Just last week, I wrote a little bit about a quote from Alex Cora indicating that he did not see it as necessary for the Red Sox to carry a left-handed reliever at all times. This seemed noteworthy as Cora was brought in as a change from the relatively by-the-book managing style of John Farrell, though ultimately my conclusion was that they’d still spend plenty of time with a lefty among their relief corps. I won’t rehash that whole argument, obviously, but while I stand by the conclusion I did make one pretty big mistake in hindsight. Throughout the post, I noted the left-handed depth largely included just two names with Robby Scott and Bobby Poyner. With each passing day it’s becoming increasingly clear that I should have given more credit to Roenis Elias in that post, as he seems to be gaining some helium with each passing day in camp. So, to make up for it, now Elias gets a whole post to himself.
If you believe the beat reporters who are with the team on a daily basis down in Florida, and I’m not really sure why you wouldn’t, then Elias is worthy of some attention right now. Just over the last couple of days he has gotten a bit of a spotlight from two different writers. Rob Bradford of WEEI told us not to sleep on him in the battle for Boston’s bullpen at the end of last week, and on Tuesday Jen McCaffrey of Masslive came out and predicted that Elias would indeed make the Opening Day roster. I’m still not entirely sold that Elias will ultimately be in the bullpen when the Red Sox take on the Rays on March 29, but there’s a good chance that’s just me being dumb and stubborn. Either way, I will certainly acknowledge that it’s time to take the possibility seriously and also acknowledge that it’s a possibility with legitimate merit.
I’ll start with his performance this spring, not because it’s something that really matters but it’s obviously played a role in the changing thought around him. Elias has made six appearances with a total of eight innings in the Grapefruit League. The good is that he has yet to allow a run and has six strikeouts in the eight innings. The bad is that he also has eight walks. Of course, as I said, the small-sample numbers really aren’t going to play a big role here. Based on the chatter we hear from beat writers, it seems the team is coming around to the cut of Elias’ jib. I would say it’s fair to assume that the team probably liked plenty about the southpaw heading into camp, and there are reasons we shouldn’t overlook him.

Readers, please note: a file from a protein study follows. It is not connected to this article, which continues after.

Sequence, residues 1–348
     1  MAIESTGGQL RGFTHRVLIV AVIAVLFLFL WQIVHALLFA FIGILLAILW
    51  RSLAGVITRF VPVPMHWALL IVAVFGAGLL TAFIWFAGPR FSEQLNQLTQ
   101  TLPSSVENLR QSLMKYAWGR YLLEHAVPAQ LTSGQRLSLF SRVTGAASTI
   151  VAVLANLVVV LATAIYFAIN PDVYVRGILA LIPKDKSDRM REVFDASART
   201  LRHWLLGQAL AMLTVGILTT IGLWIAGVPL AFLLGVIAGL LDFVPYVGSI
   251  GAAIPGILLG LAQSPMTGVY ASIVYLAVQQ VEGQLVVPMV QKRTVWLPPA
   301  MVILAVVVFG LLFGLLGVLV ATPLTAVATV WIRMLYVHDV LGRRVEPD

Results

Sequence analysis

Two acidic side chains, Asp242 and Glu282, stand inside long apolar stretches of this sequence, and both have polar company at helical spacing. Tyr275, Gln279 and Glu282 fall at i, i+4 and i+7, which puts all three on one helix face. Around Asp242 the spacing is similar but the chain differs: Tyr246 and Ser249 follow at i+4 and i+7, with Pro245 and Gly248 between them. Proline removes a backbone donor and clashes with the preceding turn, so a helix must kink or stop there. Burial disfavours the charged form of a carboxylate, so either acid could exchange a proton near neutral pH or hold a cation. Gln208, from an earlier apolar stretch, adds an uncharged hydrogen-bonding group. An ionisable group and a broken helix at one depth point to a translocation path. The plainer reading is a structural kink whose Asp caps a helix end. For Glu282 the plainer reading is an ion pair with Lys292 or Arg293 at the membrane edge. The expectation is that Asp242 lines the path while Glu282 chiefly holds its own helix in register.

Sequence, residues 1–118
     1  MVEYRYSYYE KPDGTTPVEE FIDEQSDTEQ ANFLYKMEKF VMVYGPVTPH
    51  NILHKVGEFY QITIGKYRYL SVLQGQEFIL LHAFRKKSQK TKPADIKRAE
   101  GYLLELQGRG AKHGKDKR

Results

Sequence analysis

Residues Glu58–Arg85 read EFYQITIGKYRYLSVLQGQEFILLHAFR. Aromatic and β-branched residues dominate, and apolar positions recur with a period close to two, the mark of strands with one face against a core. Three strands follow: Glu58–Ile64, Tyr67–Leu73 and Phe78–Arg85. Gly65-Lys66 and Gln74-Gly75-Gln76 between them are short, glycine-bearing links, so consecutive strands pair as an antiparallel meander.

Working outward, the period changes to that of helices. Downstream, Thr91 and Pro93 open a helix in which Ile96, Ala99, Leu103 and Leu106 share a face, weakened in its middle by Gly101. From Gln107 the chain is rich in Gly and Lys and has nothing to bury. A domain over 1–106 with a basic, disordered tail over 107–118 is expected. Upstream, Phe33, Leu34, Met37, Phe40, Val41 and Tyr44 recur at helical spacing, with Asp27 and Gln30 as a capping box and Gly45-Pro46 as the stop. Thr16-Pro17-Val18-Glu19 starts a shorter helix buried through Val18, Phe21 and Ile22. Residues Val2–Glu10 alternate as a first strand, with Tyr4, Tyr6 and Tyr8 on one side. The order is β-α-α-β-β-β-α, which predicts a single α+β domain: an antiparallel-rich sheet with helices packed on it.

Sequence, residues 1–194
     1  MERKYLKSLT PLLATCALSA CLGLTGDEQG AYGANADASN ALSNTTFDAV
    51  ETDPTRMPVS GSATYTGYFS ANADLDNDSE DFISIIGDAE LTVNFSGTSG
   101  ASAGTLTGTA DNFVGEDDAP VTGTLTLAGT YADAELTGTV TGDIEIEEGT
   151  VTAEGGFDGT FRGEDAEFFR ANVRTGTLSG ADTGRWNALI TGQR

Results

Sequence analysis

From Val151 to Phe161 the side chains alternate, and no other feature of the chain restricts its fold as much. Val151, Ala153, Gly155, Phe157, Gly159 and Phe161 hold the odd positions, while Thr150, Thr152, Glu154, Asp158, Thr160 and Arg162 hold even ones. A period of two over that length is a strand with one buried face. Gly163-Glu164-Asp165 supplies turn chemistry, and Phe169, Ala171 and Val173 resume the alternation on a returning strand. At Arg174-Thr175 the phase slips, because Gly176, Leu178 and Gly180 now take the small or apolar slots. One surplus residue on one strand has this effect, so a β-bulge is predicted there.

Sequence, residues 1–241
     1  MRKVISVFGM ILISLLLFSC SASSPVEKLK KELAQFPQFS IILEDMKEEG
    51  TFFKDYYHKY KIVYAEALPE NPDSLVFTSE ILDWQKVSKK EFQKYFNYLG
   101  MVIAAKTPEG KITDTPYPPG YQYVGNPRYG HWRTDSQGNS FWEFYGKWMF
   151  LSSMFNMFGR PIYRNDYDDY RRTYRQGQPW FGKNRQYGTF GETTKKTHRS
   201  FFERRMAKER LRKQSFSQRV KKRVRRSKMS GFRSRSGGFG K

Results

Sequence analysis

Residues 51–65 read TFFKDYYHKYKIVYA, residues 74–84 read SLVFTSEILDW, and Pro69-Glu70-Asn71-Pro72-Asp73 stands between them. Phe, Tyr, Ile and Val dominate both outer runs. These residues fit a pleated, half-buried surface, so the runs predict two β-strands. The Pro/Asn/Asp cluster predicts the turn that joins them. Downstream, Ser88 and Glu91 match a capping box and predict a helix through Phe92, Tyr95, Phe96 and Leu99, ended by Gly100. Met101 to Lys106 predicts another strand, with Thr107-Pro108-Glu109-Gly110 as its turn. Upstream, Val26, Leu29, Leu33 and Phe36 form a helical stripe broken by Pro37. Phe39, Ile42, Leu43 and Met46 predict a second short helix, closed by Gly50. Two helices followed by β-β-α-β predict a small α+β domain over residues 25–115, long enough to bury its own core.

Generally speaking, as Red Sox fans, we think of Elias as a Triple-A arm who is really only a depth piece because that’s what he’s been relegated to since coming to Boston in the same deal that brought Carson Smith to town. Of course, that’s an overly simplistic view of Elias and doesn’t take into account the injury issues that have held him back in recent years. In fact, the now-29-year-old had made himself into a solid and underrated back-end starter in a couple years with the Mariners. Between 2014 and 2015, Elias made 51 appearances for Seattle with 49 coming in starts and pitched to a 3.97 ERA and a 94 ERA+. He had solid strikeout stuff and trouble with control in a package that certainly didn’t have him pegged as a future star but proved he could survive at the highest level. He was similar in 2016 in 21 appearances and 19 starts with Pawtucket when he pitched to a 3.60 ERA. Last season was much less impressive but it was also an injury-shortened campaign.
So, Elias has been a really solid pitcher as a starter, and while the ease of transitioning from starting to relief can be overblown at times it seems Elias is the perfect candidate for this kind of role change. For one thing, it’s not really a major change for a guy who has pitched out of relief at different points throughout his career. Elias has five career relief appearances in his major-league career and has spent the last few springs preparing for a possible role in the Red Sox bullpen. On top of that, as we’ve already discussed control and command has been the biggest issue for Elias. This will hurt in any role, of course, but we’ve seen plenty of pitchers who struggled with control as starters make it work in shorter stints. Finally, Elias has been really effective against left-handed hitters over his career, holding them to a .671 OPS vs. a .755 mark for righties. It goes without saying that a relief role would allow the team to make sure a higher rate of his opponents hit from the left side.
There are still a few different roads the Red Sox can take to build their Opening Day bullpen and even more possibilities for how the group will change over the course of a season. Right now, the only certainties seem to be Craig Kimbrel, Carson Smith, Joe Kelly and Matt Barnes for Opening Day. Even Kimbrel may not be a certainty given that he’s spent almost all spring away from the team to be with his infant daughter who has undergone multiple heart surgeries since her birth last summer. There are, by my count, seven players in play for three spots. I won’t make a prediction right now on who gets those spots, but many — myself included — have neglected to include Elias among that group. That ends now.